One thing I always, always, strive to do in any debate on gun issues is find some commonality with the person with whom I'm debating. It's not that hard. The more your opponent thinks you have in common with him (even if it's superficial) the easier it is to reach him (or her).

December 18, 2005, 10:44 AM
OLD DOG, Im with you on the looking good, talking good part, but if you're implying I can't refer to myself as a vegetarian lion then you lost me.:D
Our cause does have a few "eccentrics", thats for sure....

December 18, 2005, 10:50 AM
There are some excellent posts in this thread.

Whether I'll debate guns depends on the situation. If it's a cocktail party, and someone brings it up, I often will ask if they really want to get into it there, or just shrug it off if there will not be sufficient time to devote to it.

If you have an opportunity to engage in debate in a public forum, with an audience, remember that the goal is not to convince the person you are debating. The goal is NOT to get that person to admit that you are right. The task at hand is to USE that other debater as you educate and persuade the audience.

If you can make the other person lose his/her cool, you are miles ahead. I find that the more reasonable I am, the nuttier the other person becomes. Depending on the format, you can do a lot just by asking questions.

One example from a caller to Gun Talk. It went about like this. (Shortened here.)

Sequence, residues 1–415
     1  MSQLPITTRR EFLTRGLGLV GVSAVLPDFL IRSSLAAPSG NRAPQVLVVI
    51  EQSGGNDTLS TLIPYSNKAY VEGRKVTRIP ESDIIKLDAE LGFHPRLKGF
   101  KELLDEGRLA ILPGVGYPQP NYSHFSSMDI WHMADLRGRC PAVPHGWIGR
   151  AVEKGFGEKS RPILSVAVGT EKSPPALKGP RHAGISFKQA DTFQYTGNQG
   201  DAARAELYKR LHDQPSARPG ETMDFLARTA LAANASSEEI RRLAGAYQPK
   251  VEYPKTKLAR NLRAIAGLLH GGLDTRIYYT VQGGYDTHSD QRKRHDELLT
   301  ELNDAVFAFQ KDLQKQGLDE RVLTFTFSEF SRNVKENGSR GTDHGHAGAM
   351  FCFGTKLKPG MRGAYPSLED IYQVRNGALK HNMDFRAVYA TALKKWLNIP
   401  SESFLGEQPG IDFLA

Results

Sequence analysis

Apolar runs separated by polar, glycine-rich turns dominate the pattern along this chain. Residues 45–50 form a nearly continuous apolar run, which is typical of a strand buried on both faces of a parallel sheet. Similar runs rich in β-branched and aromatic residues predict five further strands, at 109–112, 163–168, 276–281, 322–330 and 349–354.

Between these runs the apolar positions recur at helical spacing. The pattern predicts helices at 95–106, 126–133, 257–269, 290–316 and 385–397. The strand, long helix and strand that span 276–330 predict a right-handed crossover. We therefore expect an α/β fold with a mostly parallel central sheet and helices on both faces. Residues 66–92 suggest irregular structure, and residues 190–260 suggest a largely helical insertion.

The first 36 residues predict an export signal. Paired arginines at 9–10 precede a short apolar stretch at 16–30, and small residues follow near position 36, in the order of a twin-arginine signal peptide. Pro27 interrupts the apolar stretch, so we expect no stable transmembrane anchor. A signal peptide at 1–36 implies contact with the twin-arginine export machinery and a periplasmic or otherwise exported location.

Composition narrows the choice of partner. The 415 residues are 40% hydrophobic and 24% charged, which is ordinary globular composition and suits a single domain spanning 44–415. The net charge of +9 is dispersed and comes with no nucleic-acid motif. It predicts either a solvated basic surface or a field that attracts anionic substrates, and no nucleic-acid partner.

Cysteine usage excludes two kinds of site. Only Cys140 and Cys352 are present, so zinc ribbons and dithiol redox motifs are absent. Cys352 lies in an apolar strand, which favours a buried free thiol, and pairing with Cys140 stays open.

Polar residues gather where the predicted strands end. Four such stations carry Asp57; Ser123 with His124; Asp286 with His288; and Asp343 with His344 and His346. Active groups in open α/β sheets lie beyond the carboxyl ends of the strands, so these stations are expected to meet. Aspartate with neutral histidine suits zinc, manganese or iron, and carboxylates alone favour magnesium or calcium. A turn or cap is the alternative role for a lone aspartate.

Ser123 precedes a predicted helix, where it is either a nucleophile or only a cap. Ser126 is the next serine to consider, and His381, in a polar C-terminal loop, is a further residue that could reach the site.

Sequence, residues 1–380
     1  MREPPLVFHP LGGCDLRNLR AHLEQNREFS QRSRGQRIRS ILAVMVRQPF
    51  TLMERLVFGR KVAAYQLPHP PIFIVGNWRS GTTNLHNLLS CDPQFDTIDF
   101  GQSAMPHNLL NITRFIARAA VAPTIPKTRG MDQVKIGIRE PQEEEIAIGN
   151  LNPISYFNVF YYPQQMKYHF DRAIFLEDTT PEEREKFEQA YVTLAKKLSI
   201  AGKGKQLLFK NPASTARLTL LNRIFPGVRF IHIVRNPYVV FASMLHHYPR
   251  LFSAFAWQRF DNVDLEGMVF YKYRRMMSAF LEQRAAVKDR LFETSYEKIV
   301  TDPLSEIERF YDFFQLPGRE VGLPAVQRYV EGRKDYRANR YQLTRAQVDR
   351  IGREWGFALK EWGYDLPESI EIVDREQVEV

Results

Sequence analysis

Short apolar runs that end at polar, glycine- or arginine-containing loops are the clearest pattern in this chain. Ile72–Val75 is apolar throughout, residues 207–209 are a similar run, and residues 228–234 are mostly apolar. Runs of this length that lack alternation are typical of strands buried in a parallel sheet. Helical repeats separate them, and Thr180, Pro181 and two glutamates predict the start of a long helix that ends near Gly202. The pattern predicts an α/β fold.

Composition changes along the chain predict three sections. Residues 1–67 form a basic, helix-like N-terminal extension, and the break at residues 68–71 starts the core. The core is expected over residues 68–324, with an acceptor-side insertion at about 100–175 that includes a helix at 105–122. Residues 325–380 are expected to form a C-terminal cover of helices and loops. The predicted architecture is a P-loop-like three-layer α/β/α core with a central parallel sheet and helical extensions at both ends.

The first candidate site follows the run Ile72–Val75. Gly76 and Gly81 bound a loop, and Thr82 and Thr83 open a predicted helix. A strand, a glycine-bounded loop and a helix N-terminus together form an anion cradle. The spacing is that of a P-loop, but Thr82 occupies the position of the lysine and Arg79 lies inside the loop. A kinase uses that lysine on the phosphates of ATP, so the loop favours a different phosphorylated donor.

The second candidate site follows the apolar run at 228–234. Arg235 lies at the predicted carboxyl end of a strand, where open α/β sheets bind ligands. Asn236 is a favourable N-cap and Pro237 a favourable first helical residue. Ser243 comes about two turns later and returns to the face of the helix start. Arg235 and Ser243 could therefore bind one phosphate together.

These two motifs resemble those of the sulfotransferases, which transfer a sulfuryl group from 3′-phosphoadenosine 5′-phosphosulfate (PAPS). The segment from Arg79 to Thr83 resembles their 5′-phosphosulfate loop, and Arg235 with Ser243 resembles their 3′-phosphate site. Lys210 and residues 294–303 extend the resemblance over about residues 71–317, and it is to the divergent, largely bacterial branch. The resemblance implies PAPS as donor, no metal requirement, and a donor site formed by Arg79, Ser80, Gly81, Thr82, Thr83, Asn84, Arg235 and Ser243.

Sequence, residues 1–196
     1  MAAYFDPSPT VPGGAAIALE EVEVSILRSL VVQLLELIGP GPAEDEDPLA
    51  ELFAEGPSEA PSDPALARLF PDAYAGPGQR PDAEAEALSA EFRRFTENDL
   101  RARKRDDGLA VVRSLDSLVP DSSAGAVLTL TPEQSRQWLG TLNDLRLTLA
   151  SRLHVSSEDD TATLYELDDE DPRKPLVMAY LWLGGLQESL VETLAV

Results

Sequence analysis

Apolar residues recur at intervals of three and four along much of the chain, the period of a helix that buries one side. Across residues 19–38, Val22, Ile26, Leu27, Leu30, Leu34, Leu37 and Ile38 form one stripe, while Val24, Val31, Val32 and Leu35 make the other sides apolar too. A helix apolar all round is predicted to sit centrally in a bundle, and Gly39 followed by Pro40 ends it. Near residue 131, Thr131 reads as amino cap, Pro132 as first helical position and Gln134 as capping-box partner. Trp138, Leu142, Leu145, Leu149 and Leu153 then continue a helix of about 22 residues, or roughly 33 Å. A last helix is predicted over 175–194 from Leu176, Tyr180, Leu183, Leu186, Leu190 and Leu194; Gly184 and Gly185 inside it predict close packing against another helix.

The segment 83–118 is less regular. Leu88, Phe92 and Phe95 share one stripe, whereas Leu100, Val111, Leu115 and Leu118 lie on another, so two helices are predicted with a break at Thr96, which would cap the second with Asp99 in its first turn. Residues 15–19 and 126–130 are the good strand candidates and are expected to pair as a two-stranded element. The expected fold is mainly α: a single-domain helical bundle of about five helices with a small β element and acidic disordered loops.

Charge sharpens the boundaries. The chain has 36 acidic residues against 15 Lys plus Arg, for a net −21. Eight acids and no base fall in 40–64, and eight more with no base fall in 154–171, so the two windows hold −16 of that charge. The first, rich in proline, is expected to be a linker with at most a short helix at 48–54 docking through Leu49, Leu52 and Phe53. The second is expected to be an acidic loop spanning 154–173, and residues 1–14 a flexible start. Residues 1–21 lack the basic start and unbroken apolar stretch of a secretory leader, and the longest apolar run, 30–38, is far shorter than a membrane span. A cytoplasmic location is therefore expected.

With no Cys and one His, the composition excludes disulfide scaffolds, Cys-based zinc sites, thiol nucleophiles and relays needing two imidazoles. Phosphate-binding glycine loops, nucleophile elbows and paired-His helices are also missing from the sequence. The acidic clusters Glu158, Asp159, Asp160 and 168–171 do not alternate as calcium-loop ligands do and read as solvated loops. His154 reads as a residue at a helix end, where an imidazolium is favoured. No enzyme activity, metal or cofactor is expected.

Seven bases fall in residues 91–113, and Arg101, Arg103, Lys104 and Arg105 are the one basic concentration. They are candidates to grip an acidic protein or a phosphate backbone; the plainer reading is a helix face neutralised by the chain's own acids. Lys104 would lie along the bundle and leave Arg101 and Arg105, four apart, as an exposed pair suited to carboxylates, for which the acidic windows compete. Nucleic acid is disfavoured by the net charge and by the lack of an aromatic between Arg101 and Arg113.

Caller: You guys with your guns are terrible.

Me. What's the problem?

C: People with guns kill people.

Me: Oh? Do you know anyone who owns a gun?

C: Yes

Me: Has that person killed anyone?

C: Well, no. But some peope with guns kill other people.

Me: Okay, so what you really have a problem with is people who misuse guns, right?

C: YEAH! That's right!

Me: Well, guess what? We agree on that one. The only difference is that we gun owners are working to improve the situation. Gun accidents have been going down for many years, and is now the lowest it has been in a century.

etc. etc.

NOTE: How to lose the debate. Just say the name Hitler. Period. You lose. "Yeah, well, that's what Hitler did in Germany."

Dumb move. Go home. You lose.

If you remember that you are not trying to get the other debater to agree with you, or even acknowledge the validity of your arguments, you can keep on track, and keep USING that person as a foil, to move the audience to your position.